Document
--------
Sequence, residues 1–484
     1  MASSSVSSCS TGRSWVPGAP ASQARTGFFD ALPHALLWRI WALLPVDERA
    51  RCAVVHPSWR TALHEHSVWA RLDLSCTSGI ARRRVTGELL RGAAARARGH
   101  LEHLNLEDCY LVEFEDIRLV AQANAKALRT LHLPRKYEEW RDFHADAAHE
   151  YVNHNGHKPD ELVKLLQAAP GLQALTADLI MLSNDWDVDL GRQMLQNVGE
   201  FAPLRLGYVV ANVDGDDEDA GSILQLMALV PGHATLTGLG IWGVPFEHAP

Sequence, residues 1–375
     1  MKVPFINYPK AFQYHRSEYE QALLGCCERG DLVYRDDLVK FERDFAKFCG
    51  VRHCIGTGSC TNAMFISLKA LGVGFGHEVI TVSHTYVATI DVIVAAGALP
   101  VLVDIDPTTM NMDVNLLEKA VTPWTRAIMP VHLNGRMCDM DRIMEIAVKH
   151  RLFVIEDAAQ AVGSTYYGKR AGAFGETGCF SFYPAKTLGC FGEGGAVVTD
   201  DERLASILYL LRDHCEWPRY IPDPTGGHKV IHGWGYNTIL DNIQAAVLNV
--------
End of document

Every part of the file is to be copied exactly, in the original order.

Sequence, residues 1–484
     1  MASSSVSSCS TGRSWVPGAP ASQARTGFFD ALPHALLWRI WALLPVDERA
    51  RCAVVHPSWR TALHEHSVWA RLDLSCTSGI ARRRVTGELL RGAAARARGH
   101  LEHLNLEDCY LVEFEDIRLV AQANAKALRT LHLPRKYEEW RDFHADAAHE
   151  YVNHNGHKPD ELVKLLQAAP GLQALTADLI MLSNDWDVDL GRQMLQNVGE
   201  FAPLRLGYVV ANVDGDDEDA GSILQLMALV PGHATLTGLG IWGVPFEHAP

Sequence, residues 1–375
     1  MKVPFINYPK AFQYHRSEYE QALLGCCERG DLVYRDDLVK FERDFAKFCG
    51  VRHCIGTGSC TNAMFISLKA LGVGFGHEVI TVSHTYVATI DVIVAAGALP
   101  VLVDIDPTTM NMDVNLLEKA VTPWTRAIMP VHLNGRMCDM DRIMEIAVKH
   151  RLFVIEDAAQ AVGSTYYGKR AGAFGETGCF SFYPAKTLGC FGEGGAVVTD
   201  DERLASILYL LRDHCEWPRY IPDPTGGHKV IHGWGYNTIL DNIQAAVLNV